A look inside Morgan Page's masterclass at JBL Fest 2022

Headliner dives deep into Morgan Page's masterclass at JBL Fest 2022 in Las Vegas, as the electronic producer and DJ uses bespoke Quick Tip Cards to achieve 'the flow state' in front of an audience of influencers, emerging creatives, and audio professionals...

Before we take the plunge here, let's take a look at Quick Tip Cards as a concept, and what this Morgan Page masterclass is all about: it essentially started by Page writing 'tips' down for music production. That led to a 900-strong spreadsheet of tips, which he then took to Twitter, randomising the tips and firing three out per day as Tweets. That gave him valuable market research, and led to the creation of a 56-card deck of Quick Tip Cards, designed to achieve 'the flow state'. And here we are.

“These [Quick Tip] Cards are like knowledge compression,” opens Page, who is addressing an already highly engaged and notably eclectic audience. “Boil them down so they're in your hand with no distractions; take them on a plane or into the studio, and get into the flow state faster.”

That's his mantra: the flow state. “It's a wholistic process that repeats itself,” he explains, and to achieve that in his workflow, he created six categories for his Quick Tip Cards, which started out in music production world, although their reach is far more wide and varied, and can help anyone in any industry, he claims.

Category one is Philosophy: his approach before getting into the studio, getting the mental state right; two is Preparation, where he gets his materials and tools ready - “get the plumbing right, so it's not left to right brain,” he smiles, adding that the templates need to be ready to go off the bat. Category three is Composition, which he has a lot to say about:

“Building the song note by note, beat by beat – it's the 'generating the ideas' stage, building the raw ideas, riffs, melodies, bass lines... Work as quick as possible in there, where you're not thinking about mixing, you're just in that one zone.”

To Page, the flow state is when you're working in such a state that you don't think about eating, going to the bathroom, or even time as a 'thing'. Timing slows down, in fact – as most creatives will acknowledge when they're in their 'zone':

“I remember before I did music for a living,” Page smiles, arms wide. “I was 12 years old and doing a bit of remixing, and I got into a flow state for the first time. I remember thinking, 'I can feel it in my blood, this is what I was born to do!' I was up all night doing a remix in my parents' basement. Music unlocked a flow state.”

Category four is Arrangement:

“Here, you should spread your ideas out for maximum impact; in this session, I'll be creating an eight-bar loop with chords, lead lines, bass, and percussion, but the point is, you have to leave room for the music to breathe.

“You're going to have new ideas and find new ways to combine the layers, and in my template I have little markers for verses, pre-chorus, the drop... [pauses] There is a structure in there, and it is one of the essential ingredients – as is tension. This keeps me on track during the recording and mixing process.”

Category five is Mixing – but more on this later, as it's probably his deepest dive - and the final step is Maintenance: the un-sexy, forgotten step, as he describes it. He encourages his audience to think about the DAW, and actually practice the DAW, rather than take it for granted - learn it inside out, and master it:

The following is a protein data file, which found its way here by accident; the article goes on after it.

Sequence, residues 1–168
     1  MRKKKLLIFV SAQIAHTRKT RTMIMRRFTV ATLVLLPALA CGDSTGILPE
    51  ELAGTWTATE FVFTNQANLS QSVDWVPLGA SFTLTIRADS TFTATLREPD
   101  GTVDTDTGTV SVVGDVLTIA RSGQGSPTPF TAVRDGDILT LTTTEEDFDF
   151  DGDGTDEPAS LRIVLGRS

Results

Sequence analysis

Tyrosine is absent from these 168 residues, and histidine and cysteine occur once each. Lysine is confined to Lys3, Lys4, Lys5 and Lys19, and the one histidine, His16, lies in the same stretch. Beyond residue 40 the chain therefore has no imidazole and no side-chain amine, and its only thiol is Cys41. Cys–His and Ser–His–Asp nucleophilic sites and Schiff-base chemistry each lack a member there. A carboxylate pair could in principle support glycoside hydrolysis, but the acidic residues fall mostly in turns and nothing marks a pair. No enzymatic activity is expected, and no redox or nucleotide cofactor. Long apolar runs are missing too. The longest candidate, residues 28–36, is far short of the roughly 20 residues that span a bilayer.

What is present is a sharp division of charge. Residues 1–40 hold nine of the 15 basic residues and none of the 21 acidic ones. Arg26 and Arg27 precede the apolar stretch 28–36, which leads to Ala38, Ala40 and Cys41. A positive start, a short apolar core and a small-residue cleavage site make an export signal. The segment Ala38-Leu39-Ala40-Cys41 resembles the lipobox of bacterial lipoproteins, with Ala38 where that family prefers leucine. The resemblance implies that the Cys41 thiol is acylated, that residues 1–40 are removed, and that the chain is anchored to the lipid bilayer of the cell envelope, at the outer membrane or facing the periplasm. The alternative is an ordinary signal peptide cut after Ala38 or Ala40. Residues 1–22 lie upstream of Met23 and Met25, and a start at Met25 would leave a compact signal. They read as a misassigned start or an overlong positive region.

“We may practice our instruments, but finding fun in the mundane parts is essential; you'll be faster in the next song. So channel inspiration, and avoid expectation.”

“You want to create a sustainable workflow,” Page continues. “I have seen so many producers get burned out, have one hot song, go on the road, and they can't begin the cycle again; they lose the flow state. I had to dig back into the philosophy of making music and art to keep it going and have a long career. Get into the state, repeat it, and keep going so it doesn't feel like a job. It's a long process but it's worked for me over the years.

“When in the studio, it needs to resonate with yourself, but if you try to chase a hit it's like colour by numbers. What you're hearing on the radio is an old trend; you won't make pure art. Keep the editor in your head silenced. Write fast, move quickly, break things, and move on.”

Better workflow equals better art. Morgan Page

Page is quick to follow up here with his 'Seed vs. Graft' analogy – essentially, if you try to be clever in music, it probably won't work.

“Listen to what worked 30 to 40 years ago and cross pollinate with that song,” he says. “It's a fallacy to think everything is 100% original. Even melodies are recycled and tweaked; it's just different timbers of layers. If you can hide those brush strokes you won't get sued... Or just do a cover, it's the best loop hole ever! [smiles] Respect the genres, innovate a bit, and use what's working already.”

Pick A Card, Any Card...

Over the next 30 minutes, Page runs through some of his favourite Quick Tips, and summarises each of them concisely. Some standouts include: Quality vs. Quantity (build a body of work to achieve quality); Gut vs. Logic (outpacing the left brain logic part of the brain and use faster gut decisions); Embrace Wabi Sabi (there are three simple realities: nothing lasts, nothing is finished, nothing is perfect); Kill The Periphery (remove everything within arm's reach); and perhaps my favourite of all, Define Your Legend, which was focused on creating your own system. As a producer and mixer myself, the idea of something as simple as implementing colour-coded cables at both ends appealed so much that, well, I already did it. And it works..!

“Better workflow equals better art,” he declares. Noted.

Next, Page brings up his Ableton template.

“It's all in eight-bar chunks so I don't get lost, and these are basically my guard rails,” he says, scrolling through the project. “It's all organised in groups: kick bus, drum bus, chord bus, lead bus, mid bass bus – which is where I keep all my bass layers – and these are also typically in the order I compose, too. Then I have a vocal sample here that I can chop up, an FX bus, and a master bus. And this is a very lean template.”

Page is composing today with Syrum [synth], some EQ plugins and a Valhalla reverb.

“This [kind of] template I've built up over 20 years; the key is to stay in that flow state, work smart rather than hard - and if you find yourself repeating something over and over again, make a macro for it. I also make sure everything is tuned, and gear is functioning. The setup keeps changing at my home studio, so it should always be wired up and ready to go.”